Consumer Information

Author :   Maryna Botha
4 June 2020

SHARE BLOCK SCHEME – PROBLEMS WITH SWOPPING SHARES IN A GARAGE

Moosa v Albemarle Court Share Block (Pty) Ltd and Others (AR390/2019, 9987/2014)[2020] ZAKZPHC 15 (22 May 2020)

Difficulties present when a share block with certain allocated rights are sold to a new purchaser without a physical identification of the area sold, as this judgment illustrates. Here the seller sold a share block and use agreement which granted access to a garage with the number 28, but which lacked any reference to a particular physical garage which was swopped with another shareholder in the meantime. What did the buyer purchase?
The Judgment can be viewed here.

SUMMARY OF THE JUDGMENT

FACTS

Mrs Boote was the owner of a block of shares of a specific class (class 29) which entitled her to the use of flat 29 in Albemarle Court. In addition, she owned another block of shares of a different class which entitled her to the use of garage 28 (class 69).

Whatever the physical location of garage 28 may have been, it was clear that the share block allocated to Mrs Boote was an ‘inside’ garage at the time, as opposed to others that were situated outside the building.

On 3 June 2004 Mrs Boote, knowing that she was about to sell her share block shares, concluded a written agreement with Mrs Maharaj, a neighbour in Albemarle Court, to swop the garages which had hitherto been allocated to them, and which they had used for some considerable time.  This agreement was concluded in writing and the numbers above the garage doors were swopped . (The swopping of garages had been taking place at Albemarle since 1993.) The swop of shares owned by Mrs Boote and Mrs Maharaj respectively was never registered. It did however occur with the consent of Albemarle Court.

The next day, on 4 June 2004, Mrs Boote sold her class 29 shares (for the flat) and class 69 shares (for the garage) to Mrs Moosa. Mrs Moosa purchased those shares having never viewed the property. At a later date, she arrived at the property and was shown the outside garage which now had the number ’28’ above the door.

Some ten years later, in April 2014, Mrs Moosa decided to let flat 29 and the outside garage to a tenant. A few days later, Mrs Moosa received a letter from the managing agents of Albemarle Court. The letter referred to the swopping of garages and as shareholders, she was asked to confirm the location of the garages so as to assist them to have the cession and share certificate documents reflect the correct position.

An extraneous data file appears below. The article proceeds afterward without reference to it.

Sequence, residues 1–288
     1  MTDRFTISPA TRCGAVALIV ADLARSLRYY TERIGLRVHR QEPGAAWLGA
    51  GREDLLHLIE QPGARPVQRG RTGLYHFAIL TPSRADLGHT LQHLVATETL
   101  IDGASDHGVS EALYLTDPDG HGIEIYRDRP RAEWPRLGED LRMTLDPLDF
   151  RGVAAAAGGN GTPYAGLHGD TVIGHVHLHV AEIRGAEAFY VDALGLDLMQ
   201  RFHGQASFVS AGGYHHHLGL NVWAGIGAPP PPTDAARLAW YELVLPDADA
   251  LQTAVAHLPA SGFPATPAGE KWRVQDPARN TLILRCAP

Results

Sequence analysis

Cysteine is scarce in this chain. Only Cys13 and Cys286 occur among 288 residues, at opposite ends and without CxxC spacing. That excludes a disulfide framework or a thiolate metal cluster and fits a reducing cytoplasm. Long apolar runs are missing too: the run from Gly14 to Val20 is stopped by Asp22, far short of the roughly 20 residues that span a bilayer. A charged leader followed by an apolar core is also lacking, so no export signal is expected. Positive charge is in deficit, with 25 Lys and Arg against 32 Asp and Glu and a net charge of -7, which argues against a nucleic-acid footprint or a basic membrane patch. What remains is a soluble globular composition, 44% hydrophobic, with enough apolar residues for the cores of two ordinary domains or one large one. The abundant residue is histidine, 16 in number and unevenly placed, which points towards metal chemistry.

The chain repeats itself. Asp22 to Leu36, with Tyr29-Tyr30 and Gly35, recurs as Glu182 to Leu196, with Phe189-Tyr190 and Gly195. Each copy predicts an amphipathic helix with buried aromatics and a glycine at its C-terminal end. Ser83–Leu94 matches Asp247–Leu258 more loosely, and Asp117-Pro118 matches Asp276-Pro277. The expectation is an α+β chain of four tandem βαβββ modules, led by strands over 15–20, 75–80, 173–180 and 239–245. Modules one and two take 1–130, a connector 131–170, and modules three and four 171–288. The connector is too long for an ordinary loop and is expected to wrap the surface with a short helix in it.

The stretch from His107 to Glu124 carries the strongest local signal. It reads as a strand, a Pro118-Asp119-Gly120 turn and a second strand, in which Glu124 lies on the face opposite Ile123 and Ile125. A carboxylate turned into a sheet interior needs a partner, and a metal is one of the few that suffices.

Mrs Moosa then indicated that she had not checked the garage allocation and that the garage used by her was allocated to her upon her purchase of flat 29. She reserved the right to claim the correct garage ‘should that be different to the garage currently allocated’. She subsequently claimed the inside garage which had previously been allocated to Mrs Boote, before her swop with Mrs Maharaj. This led to the application in the Court a quo where Ms Maharaj sought, amongst other things, a declaratory order regarding her ownership of the relevant class of shares regarding garage 28 (the original inside garage 28). The Court dismissed the application and Mrs Maharaj appealed.

HELD

  • The principal factual issue in the application was whether Mrs Moosa had established that she was entitled to a garage in a different position to the one she purchased in 2004.
  • The case brought by Mrs Moosa required no determination of the physical location of the garage. Mrs Moosa knew and accepted that she had purchased an outside garage, both at the time of concluding the agreement and for the next ten years. She thus obtained that for which she had bargained.
  • In any event, the rights relied upon by Mrs Moosa arose from her agreement with Mrs Boote who was not joined in the application. No agreement was concluded between Mrs Moosa and Mrs Maharaj.
  • What then was the legal right relied upon by Mrs Moosa? Her case was that she purchased 35 fully paid-up class 69 shares, which shares entitled her to the exclusive use of the garage allocated to those shares.
  • It is clear from the 1935 Municipal Plan put up by Mrs Moosa, the sale agreement – itself the cession, the Securities Transfer Form and the Transfer Duty Declaration, that Mrs Moosa purchased shares entitling her to the use of garage 28. The problem was that there was no certainty as to what physically constituted garage 28 when she purchased her shares.
  • According to the numbers allocated to the shares as reflected in the share certificates in the papers, Mrs Boote sold to Mrs Moosa the same shares which she claims she owned prior to the 3rd June 2004 (the date when she swopped shares with Mrs Maharaj).
  • What then was the effect of the swop agreement, if the shares were never transferred? As Mrs Moosa now owns the shares, there is no prospect that she would agree to the share register being changed. But how does that fact nullify the rights acquired by Mrs Maharaj? The rights of use to the property assigned to the shares passed from Mrs Boote to Mrs Moosa on the sale of the shares cannot be greater than the rights that Mrs Boote held, and she believed she would only have had the rights to an outside garage after her
    agreement with Mrs Maharaj.
  • What has actually occurred is that, instead of changing the share block and the share allocations, Albemarle Court changed the use or allocation plan which should form an annexure to the articles.
  • Accordingly, the learned judge a quo was correct in dismissing Mrs Moosa’s claim to the inside garage, because the case made did not accurately identify the garage, the use to which had in any event been given to Mrs Maharaj.

CONCLUSION
The appeal was accordingly dismissed with costs.

The Judgment can be viewed here: